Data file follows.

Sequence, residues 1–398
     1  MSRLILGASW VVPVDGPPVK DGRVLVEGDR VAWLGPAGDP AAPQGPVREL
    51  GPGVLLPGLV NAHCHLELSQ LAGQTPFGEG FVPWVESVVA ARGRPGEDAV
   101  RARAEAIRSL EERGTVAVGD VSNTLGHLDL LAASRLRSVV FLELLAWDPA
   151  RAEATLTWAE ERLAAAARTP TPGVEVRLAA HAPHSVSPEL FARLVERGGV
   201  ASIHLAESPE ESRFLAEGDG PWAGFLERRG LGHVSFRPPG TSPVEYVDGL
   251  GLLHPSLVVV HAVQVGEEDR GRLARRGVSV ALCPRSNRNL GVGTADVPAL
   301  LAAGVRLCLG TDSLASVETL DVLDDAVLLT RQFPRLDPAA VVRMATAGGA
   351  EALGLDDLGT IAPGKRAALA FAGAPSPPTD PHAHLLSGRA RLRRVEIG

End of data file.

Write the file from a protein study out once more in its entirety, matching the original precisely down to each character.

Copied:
Sequence, residues 1–398
     1  MSRLILGASW VVPVDGPPVK DGRVLVEGDR VAWLGPAGDP AAPQGPVREL
    51  GPGVLLPGLV NAHCHLELSQ LAGQTPFGEG FVPWVESVVA ARGRPGEDAV
   101  RARAEAIRSL EERGTVAVGD VSNTLGHLDL LAASRLRSVV FLELLAWDPA
   151  RAEATLTWAE ERLAAAARTP TPGVEVRLAA HAPHSVSPEL FARLVERGGV
   201  ASIHLAESPE ESRFLAEGDG PWAGFLERRG LGHVSFRPPG TSPVEYVDGL
   251  GLLHPSLVVV HAVQVGEEDR GRLARRGVSV ALCPRSNRNL GVGTADVPAL
   301  LAAGVRLCLG TDSLASVETL DVLDDAVLLT RQFPRLDPAA VVRMATAGGA
   351  EALGLDDLGT IAPGKRAALA FAGAPSPPTD PHAHLLSGRA RLRRVEIG